“The present head chief, Ko-hot, is nicknamed Navajo. He is a man of the most wonderful character. His portrait in profile, as I look upon it, and to the sketching of which he submitted with ease and pleasure, bears a remarkable likeness to Washington. I cannot forbear giving two instances of his judgment, which exemplify his fine sense of justice, but at the same time his unrelenting will, in any measure, however severe, for the good of his own people. When the Apache-Mohaves were moved by the government to San Carlos, one of them, discontented, returned through his former country, and after great suffering reached the home of the Havasupai. He expressed his wish to live with the latter people to the end of his days. Ko-hot convened a council, and after long and fair deliberation concluded that it would be offensive to the Americans should be be harbored, and endanger his own people, leading ultimately, to their removal as well. He therefore informed the Apache that, notwithstanding he was a member of a nation of enemies, he felt for him, but could give him the choice of but two alternatives,-return to San Carlos, or death. The Apache, hoping Ko-hot would relent, replied that die he might, but return to San Carlos he never would. Ko-hot arose, then and there, without one more word, and struck him dead.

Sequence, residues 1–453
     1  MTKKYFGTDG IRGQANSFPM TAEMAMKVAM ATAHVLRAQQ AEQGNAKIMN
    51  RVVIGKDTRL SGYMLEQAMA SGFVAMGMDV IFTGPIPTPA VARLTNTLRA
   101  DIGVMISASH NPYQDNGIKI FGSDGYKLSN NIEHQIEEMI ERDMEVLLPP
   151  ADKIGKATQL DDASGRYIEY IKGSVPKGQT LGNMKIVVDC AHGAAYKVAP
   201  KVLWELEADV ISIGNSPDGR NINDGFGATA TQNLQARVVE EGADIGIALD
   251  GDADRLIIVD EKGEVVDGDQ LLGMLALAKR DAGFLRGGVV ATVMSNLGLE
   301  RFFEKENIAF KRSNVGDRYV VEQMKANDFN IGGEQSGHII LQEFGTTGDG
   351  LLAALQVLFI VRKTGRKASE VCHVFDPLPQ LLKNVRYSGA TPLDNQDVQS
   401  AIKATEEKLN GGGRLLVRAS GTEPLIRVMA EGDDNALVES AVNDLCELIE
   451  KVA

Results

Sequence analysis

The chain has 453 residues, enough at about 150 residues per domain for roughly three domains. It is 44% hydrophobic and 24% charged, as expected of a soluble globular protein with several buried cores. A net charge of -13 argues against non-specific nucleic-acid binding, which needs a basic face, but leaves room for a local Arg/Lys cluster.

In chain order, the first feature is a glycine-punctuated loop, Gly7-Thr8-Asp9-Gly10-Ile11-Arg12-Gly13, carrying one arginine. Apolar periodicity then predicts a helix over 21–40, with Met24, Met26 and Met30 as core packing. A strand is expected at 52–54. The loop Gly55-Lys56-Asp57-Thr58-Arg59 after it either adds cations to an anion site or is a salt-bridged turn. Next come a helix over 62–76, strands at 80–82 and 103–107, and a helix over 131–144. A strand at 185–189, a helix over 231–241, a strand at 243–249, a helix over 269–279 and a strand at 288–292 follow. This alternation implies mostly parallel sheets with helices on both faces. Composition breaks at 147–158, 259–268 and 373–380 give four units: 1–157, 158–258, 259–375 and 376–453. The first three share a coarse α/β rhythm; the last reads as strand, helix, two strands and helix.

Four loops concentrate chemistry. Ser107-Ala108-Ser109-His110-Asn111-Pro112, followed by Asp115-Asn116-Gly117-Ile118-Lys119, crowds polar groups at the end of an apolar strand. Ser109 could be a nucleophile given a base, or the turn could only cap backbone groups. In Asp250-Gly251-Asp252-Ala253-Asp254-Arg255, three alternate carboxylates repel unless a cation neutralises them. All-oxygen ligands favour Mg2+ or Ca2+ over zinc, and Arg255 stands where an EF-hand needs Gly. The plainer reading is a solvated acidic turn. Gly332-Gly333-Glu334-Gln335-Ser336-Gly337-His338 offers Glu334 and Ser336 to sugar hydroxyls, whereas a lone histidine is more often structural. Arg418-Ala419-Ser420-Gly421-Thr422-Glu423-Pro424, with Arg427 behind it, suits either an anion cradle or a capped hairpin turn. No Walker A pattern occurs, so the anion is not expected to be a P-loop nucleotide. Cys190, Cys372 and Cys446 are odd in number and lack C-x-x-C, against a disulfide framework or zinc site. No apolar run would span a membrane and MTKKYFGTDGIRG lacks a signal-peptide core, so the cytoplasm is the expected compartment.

“When the officers of the cavalry expedition called a council, and told Ko-hot that their mission was to determine the borders of his country for all time, and that it remained with him to decide how large it should be, he replied to the following effect: ‘My people live by their country and their river. They are small. Let your lines but include the river and the little plain we live on; for why should a small nation wish for a great country? There are many other nations in the world. Some one of them—the Americans, perhaps, for they are a great people, and talk of making boundaries where we have lived very well for all time without them—might try, some time, if it were large and indivisible, to take our country from us. Where would the Havasupai go?' And he would not permit the boundaries to be placed a step above the springs where it leaps down into the pool under the limestone barrier.